Class: Creating a Pet-Friendly Landscape

I have a couple of possible showcase gardens that would both involve dealing with dogs. My last experience of gardening with dogs was with the one I grew up with. “Get out of the garden!” was the only command that she obeyed without hesitation, so I wasn’t sure how to address dogs that hadn’t had the same training. Lucky for me, the Denver Botanic Gardens just happened to have an applicable class.

Elizabeth Bublitz of Pawfriendly Landscapes has been doing dog-centric landscaping since 1998. She had been in the landscaping business already, and as a dog-lover and owner she noticed how many other owners were frustrated with their pets. When we went around the room to introduce ourselves, we heard about what causes that frustration. “My yard is mud, but I used to have grass,” was the overarching theme. Elizabeth’s solution was to figure out how to work with the dog’s nature instead of against it so that there could be a beautiful garden and a happy dog, making for a happy owner.

I keep running into the idea that it’s easier to give in to whatever the natural inclinations are, whether it’s xeriscaping in dry landscapes or working with natural runoff directions. She made it very clear. “If it isn’t going to do them any harm and they aren’t going to escape, let them have it.” This included things like pulling your plantings away from the fenceline so that the dog could run their sentry-routes right beside the fence instead of wearing paths in the turf in front of the plantings. Some dogs dig. If it’s not against the fence or at the house foundation, just work the fact that they dig there into your design. She did discuss dog runs at the very end of the class, but it was mostly focused on the assumption that the dog was going to be residing in the garden/yard itself, as that tended to be the kind of person that called her for help.

I learned a lot about dogs along with the expected knowledge about landscaping. Apparently they like to have perches from which to survey their domain. I always thought that was a cat thing. When you are considering an ornamental boulder, consider one they could get on and stay on for this purpose. They also like to see what’s happening on the other side of the fence. If you give them windows (asking your neighbor’s permission, for the sake of good manners), they will be less inclined to jump over to check things out. They also tend to be very habitual. If there is an established path worn into your turf or through your garden bed, you can usually turn it into a deliberate path and they will stick with it. You may also be able to use different techniques to subtly reroute them. With the exception of terriers, most dogs will go around instead of through thick plantings.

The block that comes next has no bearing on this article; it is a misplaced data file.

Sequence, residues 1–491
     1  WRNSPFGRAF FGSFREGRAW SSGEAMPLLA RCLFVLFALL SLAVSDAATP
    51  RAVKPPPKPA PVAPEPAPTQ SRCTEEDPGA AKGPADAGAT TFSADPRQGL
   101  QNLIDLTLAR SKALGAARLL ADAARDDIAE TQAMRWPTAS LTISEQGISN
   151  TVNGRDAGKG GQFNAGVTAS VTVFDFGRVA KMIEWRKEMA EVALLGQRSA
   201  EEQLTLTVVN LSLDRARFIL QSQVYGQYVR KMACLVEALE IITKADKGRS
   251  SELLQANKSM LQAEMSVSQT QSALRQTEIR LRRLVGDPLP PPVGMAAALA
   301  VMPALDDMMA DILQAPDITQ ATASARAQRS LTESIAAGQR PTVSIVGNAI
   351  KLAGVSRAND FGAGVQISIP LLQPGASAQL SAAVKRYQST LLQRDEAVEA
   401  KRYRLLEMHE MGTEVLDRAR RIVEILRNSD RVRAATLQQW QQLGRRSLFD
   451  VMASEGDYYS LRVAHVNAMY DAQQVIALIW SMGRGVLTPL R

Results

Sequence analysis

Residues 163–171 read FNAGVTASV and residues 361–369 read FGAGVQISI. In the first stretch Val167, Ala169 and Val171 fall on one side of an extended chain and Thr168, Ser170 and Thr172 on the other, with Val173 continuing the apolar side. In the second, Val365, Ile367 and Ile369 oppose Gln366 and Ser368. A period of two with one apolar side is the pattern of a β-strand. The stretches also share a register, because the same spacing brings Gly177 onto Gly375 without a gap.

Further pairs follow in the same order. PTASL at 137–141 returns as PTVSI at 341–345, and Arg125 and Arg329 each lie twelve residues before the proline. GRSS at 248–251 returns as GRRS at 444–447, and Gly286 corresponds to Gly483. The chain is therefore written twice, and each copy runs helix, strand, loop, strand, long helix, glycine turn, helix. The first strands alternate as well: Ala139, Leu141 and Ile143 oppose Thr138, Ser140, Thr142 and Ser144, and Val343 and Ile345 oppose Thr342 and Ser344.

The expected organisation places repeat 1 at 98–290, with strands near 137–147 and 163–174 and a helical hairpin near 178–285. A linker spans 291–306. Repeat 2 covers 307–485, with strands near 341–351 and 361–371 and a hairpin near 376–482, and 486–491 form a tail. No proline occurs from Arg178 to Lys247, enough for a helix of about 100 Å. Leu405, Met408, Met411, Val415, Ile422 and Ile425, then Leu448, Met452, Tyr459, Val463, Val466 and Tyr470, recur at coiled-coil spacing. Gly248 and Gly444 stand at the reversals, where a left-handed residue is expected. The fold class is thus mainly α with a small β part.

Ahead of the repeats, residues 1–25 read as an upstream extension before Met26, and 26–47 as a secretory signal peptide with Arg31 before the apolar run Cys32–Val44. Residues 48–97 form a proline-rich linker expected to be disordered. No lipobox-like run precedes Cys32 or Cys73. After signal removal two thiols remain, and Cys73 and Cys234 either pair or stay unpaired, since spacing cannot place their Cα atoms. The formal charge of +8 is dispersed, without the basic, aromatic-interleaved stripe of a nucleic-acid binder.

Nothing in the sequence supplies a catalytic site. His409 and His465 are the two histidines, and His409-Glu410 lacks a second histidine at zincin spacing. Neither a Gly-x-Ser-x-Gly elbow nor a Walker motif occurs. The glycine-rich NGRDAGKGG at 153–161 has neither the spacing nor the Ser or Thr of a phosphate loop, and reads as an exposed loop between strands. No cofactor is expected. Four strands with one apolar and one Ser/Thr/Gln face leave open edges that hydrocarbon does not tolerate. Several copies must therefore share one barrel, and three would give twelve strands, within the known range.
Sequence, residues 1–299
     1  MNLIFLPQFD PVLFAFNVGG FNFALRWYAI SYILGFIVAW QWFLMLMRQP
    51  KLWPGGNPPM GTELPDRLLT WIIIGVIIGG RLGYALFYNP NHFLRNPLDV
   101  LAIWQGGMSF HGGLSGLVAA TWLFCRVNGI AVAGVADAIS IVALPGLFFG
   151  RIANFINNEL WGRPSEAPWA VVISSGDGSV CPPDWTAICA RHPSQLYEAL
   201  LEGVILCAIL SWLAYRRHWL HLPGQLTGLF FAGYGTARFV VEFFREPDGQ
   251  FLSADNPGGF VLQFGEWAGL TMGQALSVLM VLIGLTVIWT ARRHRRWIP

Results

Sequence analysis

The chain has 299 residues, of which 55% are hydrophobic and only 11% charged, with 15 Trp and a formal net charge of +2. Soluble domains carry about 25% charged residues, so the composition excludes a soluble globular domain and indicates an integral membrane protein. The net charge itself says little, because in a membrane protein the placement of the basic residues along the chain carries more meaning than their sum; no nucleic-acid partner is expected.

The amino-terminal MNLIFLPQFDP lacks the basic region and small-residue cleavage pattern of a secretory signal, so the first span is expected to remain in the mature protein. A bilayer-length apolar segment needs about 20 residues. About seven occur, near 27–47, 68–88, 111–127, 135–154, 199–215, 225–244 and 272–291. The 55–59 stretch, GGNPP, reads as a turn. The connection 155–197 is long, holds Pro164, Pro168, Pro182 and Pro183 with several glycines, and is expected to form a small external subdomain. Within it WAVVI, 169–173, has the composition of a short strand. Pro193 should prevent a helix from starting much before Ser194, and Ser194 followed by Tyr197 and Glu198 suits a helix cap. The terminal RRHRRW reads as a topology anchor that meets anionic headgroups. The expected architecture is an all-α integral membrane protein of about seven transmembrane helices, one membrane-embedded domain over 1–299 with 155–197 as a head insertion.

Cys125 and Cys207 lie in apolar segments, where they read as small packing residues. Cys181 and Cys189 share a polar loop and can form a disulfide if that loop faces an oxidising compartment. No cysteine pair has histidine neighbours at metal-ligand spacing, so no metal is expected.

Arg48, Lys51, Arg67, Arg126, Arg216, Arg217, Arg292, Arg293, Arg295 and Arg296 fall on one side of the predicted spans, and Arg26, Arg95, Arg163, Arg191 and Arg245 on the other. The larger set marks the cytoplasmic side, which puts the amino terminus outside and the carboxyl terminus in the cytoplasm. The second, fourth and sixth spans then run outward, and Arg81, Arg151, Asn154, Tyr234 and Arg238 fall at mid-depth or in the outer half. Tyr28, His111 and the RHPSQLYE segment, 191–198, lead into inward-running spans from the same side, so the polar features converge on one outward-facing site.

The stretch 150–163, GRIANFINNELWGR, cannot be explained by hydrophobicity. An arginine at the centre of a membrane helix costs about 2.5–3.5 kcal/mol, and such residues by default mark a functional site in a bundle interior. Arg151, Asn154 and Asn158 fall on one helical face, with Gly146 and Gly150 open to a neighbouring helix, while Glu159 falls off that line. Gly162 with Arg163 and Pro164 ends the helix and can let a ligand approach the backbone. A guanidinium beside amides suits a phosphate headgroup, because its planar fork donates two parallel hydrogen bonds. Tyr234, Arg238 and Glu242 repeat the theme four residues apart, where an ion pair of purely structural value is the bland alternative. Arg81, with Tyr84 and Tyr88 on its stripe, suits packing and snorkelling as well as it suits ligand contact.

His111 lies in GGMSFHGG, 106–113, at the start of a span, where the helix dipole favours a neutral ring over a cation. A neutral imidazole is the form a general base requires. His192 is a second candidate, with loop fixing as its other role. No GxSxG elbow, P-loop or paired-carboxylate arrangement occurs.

The theory behind her designs is that the dogs will tell you what they want. If you listen to them, they will actually make your yard lower maintenance and more attractive. She likes less formal or “cottage gardens.” The organic shapes that the dogs encourage along with her preference for berms to vary the level of the garden provide a lot of interest in what could be a pretty bland yard. You will be putting three to five feet of stone along the fenceline to give them space for their sentry rounds. This keeps the wet grass away from the fence that is probably wooden, meaning that you won’t need to water over that far, keeping the fence drier than it might be otherwise, which helps its longevity. You will probably be using rock instead of wood for mulch, since dogs like to eat wood, and assuming that your dog doesn’t eat rocks. Once they are installed, if it is done correctly, you shouldn’t need to refresh them like you do with wood mulch.

I think my favorite part about the class, though, was how very practical it was. She discussed xeriscaping because those are the plants that do the best out here with the least amount of babying. She showed us pictures of these absolutely gorgeous gardens, then discussed that they can be done in stages. After all, it is better to slowly add things than to have to go back in and take things out. To manage the mud in the meantime, she suggested erosion blankets or landscape cloth. Just make sure that you pin the seams really well. Apparently dogs like to pick at seams to rip them up. Erosion blankets are something that landscapers have access to. Anyone can get their hands on landscape cloth. The plants are chosen for various reasons, but ornamental grasses aren’t used in dog areas since they get eaten. Thorny bushes can be used to discourage dogs that eat plants.

I am amazed, and pleased, that every one of my instructors so far has been very willing to share and encourage us. I also have contact information for each of them if more questions come up later. Elizabeth even recommended the cat version of herself, Cat-Man-Do, for feline questions and landscaping. I’m sure that there are plenty of people in this field that wouldn’t necessarily encourage the competition, but I am loving the people in the field that I have met so far.

2 responses to this post.

  1. Great ideas! Thanks for sharing them. I especially like the idea of designing in a big boulder that the dog(s) can use as a lookout spot and the second idea of cutting a window in your fence – perhaps using an ornamental old metal grate for a cool detail – so that the dog(s) can see through it.


    • When I went to visit a new garden this weekend I was looking at the yard and thinking we could do this! and this! and I really need to focus on the vegetable garden since that’s the point of the visit . . . I keep getting stuffed full of good ideas and I need to remind myself to implement things one at a time.


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